Why it's important: Motivation increases our effort, helps us take action and be more productive. More importantly, it's what keeps us going in the face of extreme challenges.
Is your kid motivated?
- They don't give up on goals they care about.
- They're curious, eager to learn and aren't afraid to ask questions.
- Instead of feeling discouraged, they learn from their mistakes and apply lessons to future problems.
How to boost motivation:
- Share enthusiasm. Excitement rubs off, so if your kid sees that you're sincerely enthusiastic about something, they're likely to feel even more motivated.
- Create a supportive environment. Remain alert to some of the dangerous potholes of parenting, such as demanding perfection, over-reactivity, guilt-tripping and low patience.
- Help them face hardships. Let your kids make their own choices and face the natural consequences. This is where they'll really grow and learn to make smarter decisions.
Why it's important: Being empathetic isn't just about understanding the emotions of other people, it's also about the ability to express sensitivity to them. Children who experience empathy have an easier time providing it to others.
Does your kid have empathy?
- They work well in team settings and can handle challenges (together) as they come up.
- They are able to emotionally connect with others, and are considerate of other people's feelings.
- They put effort into trying to understand things from someone else's perspective.
How to teach empathy:
- Actively listen. One of the most effective ways to teach empathy is to model it yourself (e.g., maintain eye contact and let them completely finish their thoughts before stating yours).
- Share your own feelings. Don't put all the attention on your kid. Create an environment of expressed relatability by sharing how you felt in a similar situation.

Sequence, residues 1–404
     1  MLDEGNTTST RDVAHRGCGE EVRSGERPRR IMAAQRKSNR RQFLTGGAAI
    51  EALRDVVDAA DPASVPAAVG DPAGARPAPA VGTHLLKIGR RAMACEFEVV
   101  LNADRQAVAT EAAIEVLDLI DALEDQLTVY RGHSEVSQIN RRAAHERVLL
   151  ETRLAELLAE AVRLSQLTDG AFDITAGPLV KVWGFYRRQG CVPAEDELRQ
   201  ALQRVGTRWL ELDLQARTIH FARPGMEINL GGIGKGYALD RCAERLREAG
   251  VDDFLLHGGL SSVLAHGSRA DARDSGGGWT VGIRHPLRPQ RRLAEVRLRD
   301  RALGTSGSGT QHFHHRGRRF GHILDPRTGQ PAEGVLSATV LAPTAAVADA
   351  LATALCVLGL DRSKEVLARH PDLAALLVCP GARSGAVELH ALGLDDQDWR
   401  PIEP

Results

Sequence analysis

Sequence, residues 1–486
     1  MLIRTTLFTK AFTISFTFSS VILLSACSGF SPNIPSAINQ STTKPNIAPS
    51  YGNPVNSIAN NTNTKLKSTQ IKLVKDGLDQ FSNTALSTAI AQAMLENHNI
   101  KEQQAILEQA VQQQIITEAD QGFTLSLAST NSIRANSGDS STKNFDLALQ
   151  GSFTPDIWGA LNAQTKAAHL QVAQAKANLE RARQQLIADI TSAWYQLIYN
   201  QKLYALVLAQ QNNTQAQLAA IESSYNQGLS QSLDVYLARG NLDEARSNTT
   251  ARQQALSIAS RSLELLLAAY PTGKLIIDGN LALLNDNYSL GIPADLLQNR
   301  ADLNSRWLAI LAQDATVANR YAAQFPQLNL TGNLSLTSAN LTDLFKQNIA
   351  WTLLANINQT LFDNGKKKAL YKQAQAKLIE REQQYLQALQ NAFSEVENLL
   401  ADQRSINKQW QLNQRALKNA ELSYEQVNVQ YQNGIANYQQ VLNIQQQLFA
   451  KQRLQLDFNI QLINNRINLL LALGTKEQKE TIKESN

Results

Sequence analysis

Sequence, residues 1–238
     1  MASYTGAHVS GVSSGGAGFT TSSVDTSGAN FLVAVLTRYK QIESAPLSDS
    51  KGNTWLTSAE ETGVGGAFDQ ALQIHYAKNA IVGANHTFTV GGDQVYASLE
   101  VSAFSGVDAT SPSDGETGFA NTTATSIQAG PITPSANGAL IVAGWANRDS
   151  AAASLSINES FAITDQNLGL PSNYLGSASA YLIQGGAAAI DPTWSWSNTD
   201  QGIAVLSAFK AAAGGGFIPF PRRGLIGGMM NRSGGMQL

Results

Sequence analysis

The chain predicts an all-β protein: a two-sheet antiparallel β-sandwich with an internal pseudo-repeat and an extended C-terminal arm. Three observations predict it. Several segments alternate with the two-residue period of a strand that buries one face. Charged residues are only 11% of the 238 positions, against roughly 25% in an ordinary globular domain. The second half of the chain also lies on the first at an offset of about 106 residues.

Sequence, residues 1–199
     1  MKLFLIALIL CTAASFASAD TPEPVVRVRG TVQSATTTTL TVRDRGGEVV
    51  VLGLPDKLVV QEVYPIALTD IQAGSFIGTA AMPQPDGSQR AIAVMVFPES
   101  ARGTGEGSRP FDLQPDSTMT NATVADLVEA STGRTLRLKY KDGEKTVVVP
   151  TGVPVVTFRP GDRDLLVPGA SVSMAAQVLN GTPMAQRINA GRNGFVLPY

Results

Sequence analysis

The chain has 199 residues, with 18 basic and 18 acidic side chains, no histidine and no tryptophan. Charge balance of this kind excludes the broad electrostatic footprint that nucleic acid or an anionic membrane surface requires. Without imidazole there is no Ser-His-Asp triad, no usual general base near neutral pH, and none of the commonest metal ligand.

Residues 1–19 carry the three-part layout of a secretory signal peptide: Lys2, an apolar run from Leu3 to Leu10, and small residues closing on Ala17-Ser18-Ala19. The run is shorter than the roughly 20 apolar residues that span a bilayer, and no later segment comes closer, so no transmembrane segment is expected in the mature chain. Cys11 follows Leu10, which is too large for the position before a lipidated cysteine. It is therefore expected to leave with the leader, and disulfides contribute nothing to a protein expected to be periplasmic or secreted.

- Talk about other perspectives. This will help them escape the common habit of only caring about their own thoughts and emotions.
Why it's important: Social skills are an integral part of functioning in society. They help us create healthy and positive interactions in both our personal and professional lives.
Does your kid have social skills?
- They display good manners and communicate well with others.
- They show consideration for the feelings and interests of their friends, family and peers.
- They're able to express their feelings clearly, calmly and respectfully.
How to teach social skills:
- Encourage new experiences. While this might feel uncomfortable at first, your kid might end up liking it (and, in the process, learn new things about themselves).
- Discuss what's expected. To help them engage in positive behaviors, remind them of what to expect in a given situation and the different ways in which they could respond.
- Point out body language. This is an effective way of boosting social skills, because people don't always express their feelings verbally.
Sandra Wartski is a psychologist at Silber Psychological Services in Raleigh, North Carolina. She enjoys helping individuals and families use skills for positive coping, thriving and living their best lives.